So now it’s November. And suddenly it can’t be put off any longer. I am going to have to start thinking about Christmas. I know. It’s weeks off. Surely it can be avoided for a little while longer? Well, of course it can. How long can it take to do a bit of shopping, bake a cake and a pudding and write some cards? Not that long really if I am honest but in my head, along with most women of my acquaintance, it is a task of gargantuan proportions that will devour me like a monstrous, mythical beast if I do not strive to control and contain it.
First things first. I have now established which of my nearest and dearest will be joining us for the big day. This assists in ordering a turkey of the correct proportions and gauging the amount of pudding required. Other things are pretty much fixed in stone. I still have the same number of children to buy for as I had last year. No extras have crept into my life. The number of friends and family for whom I like to choose gifts remains pretty steady year on year as does the number of cards that I send so I have a pretty clear idea of the size of the task ahead. I also know what three out of four of the kids would like which means I can sort that, assuming that minds do not get changed in the intervening weeks.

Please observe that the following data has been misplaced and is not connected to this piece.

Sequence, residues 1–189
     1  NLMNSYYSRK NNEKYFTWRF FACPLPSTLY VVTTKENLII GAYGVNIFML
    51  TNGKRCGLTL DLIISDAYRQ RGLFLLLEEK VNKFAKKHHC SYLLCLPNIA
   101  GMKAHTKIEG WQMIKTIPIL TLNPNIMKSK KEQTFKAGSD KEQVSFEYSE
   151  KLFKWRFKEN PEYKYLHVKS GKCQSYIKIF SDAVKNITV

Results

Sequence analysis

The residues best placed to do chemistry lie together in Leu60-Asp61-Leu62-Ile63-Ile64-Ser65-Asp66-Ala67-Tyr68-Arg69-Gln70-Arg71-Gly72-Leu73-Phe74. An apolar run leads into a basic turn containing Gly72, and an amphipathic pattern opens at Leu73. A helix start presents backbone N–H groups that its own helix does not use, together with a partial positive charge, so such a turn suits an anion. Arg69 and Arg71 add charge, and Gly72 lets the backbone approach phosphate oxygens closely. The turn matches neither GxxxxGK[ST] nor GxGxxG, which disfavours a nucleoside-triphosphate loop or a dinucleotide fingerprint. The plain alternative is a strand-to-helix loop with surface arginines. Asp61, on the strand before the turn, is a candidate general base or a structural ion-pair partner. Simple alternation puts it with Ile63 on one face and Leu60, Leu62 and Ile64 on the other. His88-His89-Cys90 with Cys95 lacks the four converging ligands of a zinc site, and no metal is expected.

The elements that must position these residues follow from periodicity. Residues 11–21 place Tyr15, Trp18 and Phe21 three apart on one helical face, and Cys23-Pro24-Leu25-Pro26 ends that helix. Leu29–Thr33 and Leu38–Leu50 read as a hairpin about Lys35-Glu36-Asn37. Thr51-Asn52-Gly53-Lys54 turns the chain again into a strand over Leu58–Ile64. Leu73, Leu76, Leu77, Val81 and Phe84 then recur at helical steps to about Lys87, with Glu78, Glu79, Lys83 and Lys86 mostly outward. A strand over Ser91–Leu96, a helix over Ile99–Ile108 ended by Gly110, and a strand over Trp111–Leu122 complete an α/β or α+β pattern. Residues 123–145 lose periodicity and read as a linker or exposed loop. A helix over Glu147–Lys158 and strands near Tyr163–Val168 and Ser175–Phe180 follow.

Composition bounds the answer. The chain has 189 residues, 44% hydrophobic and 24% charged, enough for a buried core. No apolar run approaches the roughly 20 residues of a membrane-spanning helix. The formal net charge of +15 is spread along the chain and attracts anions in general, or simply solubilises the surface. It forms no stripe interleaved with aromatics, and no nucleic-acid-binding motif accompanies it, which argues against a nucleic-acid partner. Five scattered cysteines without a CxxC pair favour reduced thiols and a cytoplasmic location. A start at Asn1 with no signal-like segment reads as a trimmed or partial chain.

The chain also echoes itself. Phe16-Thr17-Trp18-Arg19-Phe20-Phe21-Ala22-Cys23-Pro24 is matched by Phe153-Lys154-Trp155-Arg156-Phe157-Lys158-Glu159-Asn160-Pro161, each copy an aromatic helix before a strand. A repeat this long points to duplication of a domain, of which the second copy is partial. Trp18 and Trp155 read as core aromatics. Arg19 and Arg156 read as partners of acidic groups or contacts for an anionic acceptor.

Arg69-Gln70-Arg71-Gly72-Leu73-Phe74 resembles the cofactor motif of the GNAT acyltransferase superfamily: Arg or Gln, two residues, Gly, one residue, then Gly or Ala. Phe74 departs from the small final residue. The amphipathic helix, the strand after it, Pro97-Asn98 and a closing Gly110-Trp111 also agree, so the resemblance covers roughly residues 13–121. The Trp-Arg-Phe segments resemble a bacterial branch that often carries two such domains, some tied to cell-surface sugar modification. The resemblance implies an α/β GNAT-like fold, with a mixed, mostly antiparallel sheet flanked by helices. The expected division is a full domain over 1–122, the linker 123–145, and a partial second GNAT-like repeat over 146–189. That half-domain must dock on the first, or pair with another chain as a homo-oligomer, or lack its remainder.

But despite all this logical planning, my spine still does an involuntary little tremble when I allow myself to think about what I have to achieve. But why? I am a competent, efficient and organised woman. I have run Christmas more or less single handedly ever since I left home and whilst the task has got bigger over the years it is still well within my capabilities.
So when I try to analyse what gives me the collywobbles, I conclude that it is the unknown element which makes my nervous. If all I had to do was Christmas it would be totally controlled. I could designate particular days for the list of tasks that need to be achieved and gradually work my way down in until it was all wrapped and ready to go. But as everyone knows this is the real world and I cannot spend the next eight weeks doing Christmas. I, like everyone else, have lots of other things that I need to achieve over the next two months and Christmas just has to fit in and amongst. But feeling slightly out of control and with too many things to achieve is not a state in which I find that I sit happily. This is no surprise to me or anyone that knows me. I like order and plans and carefully considered timetables into which all my tasks slot neatly, leaving space around the edges for coffee dates and books. And it is the knowledge that, in order to get to the end of the list, I will have to forgo an element of control and go with the flow that makes my palms sweat.
So I will make a list, carefully assess the amount of time available to me taking into consideration my other commitments and make a plan that I can hold onto in times of panic in the full knowledge that I always get there in the end.